As lawmakers from across Brooklyn and New York City weighed in on the controversial Industry City rezoning in Sunset Park, which promised to create 20,000 new jobs at a time when the city is struggling financially, one voice was notably absent: City Council Speaker Corey Johnson. Even after the application made its way to the City Council, he remained on the fence and never took an official position.
And now, Johnson will never have to.
The Industry City owners pulled their application on Tuesday and decided to scrap the rezoning. Regardless of the potential impacts the decision will have on the city and Sunset Park, it was likely good news for Johnson’s 2021 mayoral bid. Or at least, it was neutral news, which at this point could almost be the best outcome for the speaker as he tries to avoid getting embroiled in another controversial issue so soon after a bruising budget fight.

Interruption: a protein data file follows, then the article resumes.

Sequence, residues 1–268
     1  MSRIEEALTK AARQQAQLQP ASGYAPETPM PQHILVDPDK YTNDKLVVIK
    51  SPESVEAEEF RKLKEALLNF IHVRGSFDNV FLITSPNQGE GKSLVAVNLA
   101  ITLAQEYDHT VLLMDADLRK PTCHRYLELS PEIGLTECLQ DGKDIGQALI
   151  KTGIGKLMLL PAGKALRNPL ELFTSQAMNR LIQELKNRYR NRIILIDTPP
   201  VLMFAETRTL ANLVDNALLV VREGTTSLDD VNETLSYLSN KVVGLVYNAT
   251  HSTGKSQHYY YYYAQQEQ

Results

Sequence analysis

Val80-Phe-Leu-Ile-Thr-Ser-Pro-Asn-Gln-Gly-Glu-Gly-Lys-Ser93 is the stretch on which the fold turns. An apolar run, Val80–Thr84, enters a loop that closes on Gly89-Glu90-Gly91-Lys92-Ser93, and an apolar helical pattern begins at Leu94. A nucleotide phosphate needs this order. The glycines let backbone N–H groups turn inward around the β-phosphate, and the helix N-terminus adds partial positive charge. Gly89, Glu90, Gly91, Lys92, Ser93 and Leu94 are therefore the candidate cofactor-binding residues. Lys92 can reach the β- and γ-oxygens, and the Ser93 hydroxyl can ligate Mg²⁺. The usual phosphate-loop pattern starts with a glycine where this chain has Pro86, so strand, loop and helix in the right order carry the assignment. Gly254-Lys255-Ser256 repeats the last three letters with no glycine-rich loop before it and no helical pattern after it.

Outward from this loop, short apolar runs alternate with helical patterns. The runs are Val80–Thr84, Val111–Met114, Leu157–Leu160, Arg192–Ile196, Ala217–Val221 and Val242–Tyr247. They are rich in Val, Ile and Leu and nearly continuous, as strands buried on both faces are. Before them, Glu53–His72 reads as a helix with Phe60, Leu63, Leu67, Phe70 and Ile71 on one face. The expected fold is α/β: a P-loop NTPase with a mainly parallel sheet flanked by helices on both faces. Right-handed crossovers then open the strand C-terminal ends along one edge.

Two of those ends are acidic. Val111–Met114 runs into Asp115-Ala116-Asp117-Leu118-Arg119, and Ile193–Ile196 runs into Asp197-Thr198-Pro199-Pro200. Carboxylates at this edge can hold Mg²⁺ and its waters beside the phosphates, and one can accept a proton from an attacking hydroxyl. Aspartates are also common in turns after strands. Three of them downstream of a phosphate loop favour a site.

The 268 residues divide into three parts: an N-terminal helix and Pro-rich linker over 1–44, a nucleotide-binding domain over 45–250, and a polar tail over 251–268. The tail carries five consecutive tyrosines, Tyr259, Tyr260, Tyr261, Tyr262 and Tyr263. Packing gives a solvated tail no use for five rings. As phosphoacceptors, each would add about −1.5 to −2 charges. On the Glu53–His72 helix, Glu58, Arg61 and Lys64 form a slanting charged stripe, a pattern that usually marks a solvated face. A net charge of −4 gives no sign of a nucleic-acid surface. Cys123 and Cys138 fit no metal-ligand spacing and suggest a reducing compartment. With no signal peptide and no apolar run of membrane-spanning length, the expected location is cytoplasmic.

“If you’re Corey, you feel like you dodged a bullet here,” progressive Democratic strategist Trip Yang told City & State. If he runs, Johnson would likely court the increasingly critical progressive vote, and the wrong move on the Industry City rezoning risked turning the fight into a flashpoint that would alienate members of progressive left who fought strongly against the proposal. He was under pressure from progressives to side with Council Member Carlos Menchaca, the local member involved in the rezoning, and use his influence as council speaker to help kill the project. And if he had no other considerations beyond the political, openly siding with progressives likely would have been the smart play for his mayoral considerations, according to Yang.